Many have understandably applauded Facebook’s decision to ban former President Donald Trump from the site for the next two years, but the ability of a company to decide who should be in the public square, which the social network has effectively become, raises troubling questions about the future of our tattered democracy.
The decision was announced by Nick Clegg, the former deputy prime minister of the United Kingdom who’s now the vice president of global affairs at the social network, but there’s no question that the final call here belonged to Facebook’s co-founder, chairman, CEO, and controlling stockholder.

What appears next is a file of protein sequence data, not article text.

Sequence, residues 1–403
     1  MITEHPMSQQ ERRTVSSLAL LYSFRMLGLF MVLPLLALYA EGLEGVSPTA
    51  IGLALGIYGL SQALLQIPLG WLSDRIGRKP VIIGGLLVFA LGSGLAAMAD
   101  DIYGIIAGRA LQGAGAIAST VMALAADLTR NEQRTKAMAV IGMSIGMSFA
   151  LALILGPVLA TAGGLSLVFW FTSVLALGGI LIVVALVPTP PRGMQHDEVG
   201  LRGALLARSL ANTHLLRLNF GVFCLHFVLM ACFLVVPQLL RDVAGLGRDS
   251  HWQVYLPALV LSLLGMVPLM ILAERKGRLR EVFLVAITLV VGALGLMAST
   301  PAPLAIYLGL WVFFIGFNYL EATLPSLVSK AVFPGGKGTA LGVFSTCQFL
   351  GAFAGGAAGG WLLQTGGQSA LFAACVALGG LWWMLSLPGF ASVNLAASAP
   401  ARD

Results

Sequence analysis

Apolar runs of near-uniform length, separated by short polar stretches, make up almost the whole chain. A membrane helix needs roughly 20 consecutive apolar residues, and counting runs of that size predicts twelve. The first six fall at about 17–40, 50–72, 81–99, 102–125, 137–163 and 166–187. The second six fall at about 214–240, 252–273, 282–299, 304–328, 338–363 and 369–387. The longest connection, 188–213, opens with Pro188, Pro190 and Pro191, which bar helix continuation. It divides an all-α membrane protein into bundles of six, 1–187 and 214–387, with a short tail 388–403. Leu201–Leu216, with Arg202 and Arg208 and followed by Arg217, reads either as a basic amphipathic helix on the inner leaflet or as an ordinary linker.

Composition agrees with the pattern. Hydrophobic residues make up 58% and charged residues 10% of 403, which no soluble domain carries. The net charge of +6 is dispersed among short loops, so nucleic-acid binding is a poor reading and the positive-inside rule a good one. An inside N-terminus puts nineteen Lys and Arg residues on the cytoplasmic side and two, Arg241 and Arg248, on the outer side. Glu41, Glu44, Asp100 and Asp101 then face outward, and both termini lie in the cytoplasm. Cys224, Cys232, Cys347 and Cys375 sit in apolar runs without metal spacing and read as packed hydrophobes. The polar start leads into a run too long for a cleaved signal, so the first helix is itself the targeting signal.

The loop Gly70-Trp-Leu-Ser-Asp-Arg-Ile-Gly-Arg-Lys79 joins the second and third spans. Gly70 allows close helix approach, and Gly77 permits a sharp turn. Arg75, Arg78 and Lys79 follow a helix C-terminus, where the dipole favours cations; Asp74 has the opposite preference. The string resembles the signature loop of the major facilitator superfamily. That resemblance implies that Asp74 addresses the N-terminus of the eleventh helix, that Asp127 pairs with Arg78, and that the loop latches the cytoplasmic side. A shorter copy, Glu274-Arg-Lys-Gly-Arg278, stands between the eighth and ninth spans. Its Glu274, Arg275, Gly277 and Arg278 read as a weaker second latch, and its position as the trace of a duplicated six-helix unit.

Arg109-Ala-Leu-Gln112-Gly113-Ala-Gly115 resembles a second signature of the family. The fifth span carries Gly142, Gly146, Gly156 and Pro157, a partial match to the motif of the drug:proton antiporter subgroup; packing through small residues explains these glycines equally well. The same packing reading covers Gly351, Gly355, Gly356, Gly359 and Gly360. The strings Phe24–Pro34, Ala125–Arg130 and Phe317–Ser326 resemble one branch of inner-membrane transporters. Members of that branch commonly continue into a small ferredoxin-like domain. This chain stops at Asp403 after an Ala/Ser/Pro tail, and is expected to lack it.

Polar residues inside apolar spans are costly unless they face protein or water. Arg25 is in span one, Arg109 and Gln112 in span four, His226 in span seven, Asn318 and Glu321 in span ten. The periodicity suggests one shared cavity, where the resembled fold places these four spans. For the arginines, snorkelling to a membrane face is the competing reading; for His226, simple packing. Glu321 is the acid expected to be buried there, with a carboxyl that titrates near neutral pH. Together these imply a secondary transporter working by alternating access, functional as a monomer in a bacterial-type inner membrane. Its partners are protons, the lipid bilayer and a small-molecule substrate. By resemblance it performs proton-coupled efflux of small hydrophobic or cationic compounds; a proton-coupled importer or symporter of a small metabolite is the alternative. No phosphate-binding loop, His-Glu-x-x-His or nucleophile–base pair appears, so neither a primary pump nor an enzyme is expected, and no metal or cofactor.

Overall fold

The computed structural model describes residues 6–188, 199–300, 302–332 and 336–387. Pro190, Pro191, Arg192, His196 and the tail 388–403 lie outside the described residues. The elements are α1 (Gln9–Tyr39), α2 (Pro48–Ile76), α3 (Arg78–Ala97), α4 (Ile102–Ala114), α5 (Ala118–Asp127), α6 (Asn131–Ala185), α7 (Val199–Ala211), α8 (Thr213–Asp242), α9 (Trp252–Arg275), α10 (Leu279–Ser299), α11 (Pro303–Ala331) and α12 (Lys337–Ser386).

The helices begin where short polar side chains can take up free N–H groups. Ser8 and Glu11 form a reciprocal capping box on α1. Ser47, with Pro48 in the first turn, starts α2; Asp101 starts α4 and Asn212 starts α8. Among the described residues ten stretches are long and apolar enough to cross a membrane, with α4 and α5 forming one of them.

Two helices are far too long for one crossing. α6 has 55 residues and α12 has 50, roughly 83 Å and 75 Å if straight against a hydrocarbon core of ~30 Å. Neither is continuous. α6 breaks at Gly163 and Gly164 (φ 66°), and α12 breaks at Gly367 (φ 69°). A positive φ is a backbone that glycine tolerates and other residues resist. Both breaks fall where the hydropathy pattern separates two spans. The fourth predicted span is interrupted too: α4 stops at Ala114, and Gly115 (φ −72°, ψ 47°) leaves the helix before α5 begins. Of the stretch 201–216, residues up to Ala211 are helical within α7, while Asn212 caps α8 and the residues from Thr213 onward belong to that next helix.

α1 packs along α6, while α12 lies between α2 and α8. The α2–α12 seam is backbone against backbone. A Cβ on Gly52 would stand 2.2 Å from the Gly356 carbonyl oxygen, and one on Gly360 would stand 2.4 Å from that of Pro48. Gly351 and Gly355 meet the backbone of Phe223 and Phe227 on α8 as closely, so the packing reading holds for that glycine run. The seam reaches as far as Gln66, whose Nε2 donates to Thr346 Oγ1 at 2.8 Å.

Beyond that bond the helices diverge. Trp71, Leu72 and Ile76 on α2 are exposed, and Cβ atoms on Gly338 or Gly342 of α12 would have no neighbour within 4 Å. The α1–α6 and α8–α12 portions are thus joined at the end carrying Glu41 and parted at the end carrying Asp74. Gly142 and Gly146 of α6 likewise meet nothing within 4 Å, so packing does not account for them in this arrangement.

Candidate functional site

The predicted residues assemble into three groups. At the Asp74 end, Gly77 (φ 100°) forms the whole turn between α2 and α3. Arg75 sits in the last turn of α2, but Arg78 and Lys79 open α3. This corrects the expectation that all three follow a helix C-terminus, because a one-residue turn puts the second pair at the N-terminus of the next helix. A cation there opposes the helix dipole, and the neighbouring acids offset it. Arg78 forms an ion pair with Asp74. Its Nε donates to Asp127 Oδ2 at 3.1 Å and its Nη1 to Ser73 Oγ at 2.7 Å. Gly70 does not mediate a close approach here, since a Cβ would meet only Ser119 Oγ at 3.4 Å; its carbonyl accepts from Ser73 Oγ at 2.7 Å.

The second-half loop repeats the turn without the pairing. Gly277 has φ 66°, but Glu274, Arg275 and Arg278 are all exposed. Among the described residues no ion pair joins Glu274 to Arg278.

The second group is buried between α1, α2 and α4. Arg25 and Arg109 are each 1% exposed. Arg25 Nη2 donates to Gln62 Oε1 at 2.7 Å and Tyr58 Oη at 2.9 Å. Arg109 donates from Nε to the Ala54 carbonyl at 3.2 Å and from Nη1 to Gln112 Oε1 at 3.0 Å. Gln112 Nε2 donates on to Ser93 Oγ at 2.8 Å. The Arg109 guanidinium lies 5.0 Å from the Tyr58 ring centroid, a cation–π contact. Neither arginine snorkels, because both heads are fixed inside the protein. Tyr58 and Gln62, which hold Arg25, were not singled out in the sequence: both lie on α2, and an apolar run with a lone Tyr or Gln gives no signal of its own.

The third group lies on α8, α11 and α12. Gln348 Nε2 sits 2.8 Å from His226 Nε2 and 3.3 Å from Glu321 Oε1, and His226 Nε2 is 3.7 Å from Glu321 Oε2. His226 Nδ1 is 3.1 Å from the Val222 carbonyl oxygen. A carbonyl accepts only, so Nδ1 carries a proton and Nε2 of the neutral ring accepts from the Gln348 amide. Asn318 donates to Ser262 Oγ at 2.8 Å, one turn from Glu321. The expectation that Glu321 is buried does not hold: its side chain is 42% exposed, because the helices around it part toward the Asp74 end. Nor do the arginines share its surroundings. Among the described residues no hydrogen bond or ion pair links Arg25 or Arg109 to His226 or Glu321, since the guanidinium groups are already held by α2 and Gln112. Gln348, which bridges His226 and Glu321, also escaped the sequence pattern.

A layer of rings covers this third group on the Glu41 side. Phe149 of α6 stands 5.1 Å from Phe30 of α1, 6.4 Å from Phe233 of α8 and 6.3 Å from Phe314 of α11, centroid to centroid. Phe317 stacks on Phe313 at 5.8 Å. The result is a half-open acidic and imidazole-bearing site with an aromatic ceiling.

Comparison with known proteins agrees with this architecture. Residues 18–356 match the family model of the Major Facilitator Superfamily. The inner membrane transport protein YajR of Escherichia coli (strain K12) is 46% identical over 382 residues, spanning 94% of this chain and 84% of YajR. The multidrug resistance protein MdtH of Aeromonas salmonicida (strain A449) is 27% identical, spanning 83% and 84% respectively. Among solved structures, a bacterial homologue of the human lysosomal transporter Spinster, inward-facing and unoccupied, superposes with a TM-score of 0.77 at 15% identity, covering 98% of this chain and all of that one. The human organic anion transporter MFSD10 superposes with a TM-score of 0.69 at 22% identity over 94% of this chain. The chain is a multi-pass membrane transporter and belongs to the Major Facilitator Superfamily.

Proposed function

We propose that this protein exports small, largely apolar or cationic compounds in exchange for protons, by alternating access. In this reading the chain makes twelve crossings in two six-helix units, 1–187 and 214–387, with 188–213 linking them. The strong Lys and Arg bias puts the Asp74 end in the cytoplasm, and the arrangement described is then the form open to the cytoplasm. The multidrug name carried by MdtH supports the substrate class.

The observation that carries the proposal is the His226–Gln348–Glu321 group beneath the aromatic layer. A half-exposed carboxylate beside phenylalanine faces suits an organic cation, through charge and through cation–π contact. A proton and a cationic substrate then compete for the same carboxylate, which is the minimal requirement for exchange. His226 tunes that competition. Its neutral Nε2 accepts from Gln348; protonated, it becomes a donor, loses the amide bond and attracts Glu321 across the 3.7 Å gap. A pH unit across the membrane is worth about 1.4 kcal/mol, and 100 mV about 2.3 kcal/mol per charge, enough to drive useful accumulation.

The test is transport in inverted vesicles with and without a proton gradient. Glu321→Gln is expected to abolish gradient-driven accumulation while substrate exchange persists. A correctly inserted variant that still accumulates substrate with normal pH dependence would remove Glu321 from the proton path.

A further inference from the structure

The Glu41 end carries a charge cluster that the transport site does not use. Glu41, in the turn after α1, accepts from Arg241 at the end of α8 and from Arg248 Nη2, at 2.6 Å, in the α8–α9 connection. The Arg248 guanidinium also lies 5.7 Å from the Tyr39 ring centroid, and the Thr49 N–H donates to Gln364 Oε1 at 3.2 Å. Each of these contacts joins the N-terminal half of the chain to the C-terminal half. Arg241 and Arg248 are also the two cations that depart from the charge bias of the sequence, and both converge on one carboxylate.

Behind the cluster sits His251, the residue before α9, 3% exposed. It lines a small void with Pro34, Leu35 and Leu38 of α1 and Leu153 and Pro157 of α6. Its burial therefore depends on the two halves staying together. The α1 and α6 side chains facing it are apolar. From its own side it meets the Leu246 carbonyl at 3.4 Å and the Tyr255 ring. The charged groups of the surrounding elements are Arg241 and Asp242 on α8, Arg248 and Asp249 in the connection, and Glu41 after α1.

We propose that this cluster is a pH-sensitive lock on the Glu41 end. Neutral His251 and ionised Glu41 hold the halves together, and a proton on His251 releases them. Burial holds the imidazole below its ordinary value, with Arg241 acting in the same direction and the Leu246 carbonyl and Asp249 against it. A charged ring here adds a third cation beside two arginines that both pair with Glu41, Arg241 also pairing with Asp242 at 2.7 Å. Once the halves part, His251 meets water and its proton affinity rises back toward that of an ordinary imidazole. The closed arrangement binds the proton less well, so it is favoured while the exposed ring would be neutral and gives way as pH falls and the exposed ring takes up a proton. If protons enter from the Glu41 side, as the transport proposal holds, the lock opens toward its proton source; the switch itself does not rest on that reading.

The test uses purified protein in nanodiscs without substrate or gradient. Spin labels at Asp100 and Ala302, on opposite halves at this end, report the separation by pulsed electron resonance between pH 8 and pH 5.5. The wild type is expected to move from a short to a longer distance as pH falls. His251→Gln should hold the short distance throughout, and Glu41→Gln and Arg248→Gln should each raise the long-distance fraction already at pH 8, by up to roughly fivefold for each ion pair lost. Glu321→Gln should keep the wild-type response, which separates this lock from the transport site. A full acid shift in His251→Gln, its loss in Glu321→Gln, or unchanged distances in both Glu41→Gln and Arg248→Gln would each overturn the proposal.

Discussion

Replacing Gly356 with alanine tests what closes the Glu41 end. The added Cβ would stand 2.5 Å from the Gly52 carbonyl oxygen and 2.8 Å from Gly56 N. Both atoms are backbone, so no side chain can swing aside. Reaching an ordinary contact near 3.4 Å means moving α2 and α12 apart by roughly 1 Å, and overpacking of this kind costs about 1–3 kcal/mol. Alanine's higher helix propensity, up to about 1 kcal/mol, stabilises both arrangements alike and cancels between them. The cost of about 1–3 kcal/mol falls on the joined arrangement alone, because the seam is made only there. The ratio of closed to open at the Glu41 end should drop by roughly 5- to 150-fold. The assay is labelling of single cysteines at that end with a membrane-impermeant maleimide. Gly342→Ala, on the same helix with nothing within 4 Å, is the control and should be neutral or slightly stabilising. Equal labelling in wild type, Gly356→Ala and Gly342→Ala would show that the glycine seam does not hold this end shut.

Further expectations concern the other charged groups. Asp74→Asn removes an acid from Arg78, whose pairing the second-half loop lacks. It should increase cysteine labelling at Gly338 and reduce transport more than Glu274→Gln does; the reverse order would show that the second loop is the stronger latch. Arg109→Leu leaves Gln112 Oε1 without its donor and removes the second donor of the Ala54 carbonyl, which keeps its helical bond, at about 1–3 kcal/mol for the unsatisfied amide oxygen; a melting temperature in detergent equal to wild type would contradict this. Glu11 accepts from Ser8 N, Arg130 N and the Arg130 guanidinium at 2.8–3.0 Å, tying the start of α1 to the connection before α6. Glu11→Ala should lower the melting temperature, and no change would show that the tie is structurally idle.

Not long ago, Mark Zuckerberg was a kind of folk hero to many Americans, a nerd who made billions with an idea developed at a Harvard dorm. He was a firm believer in free speech as recently as 2019, even to the point of offending the progressive cognoscenti. All that has changed, along with the political currents.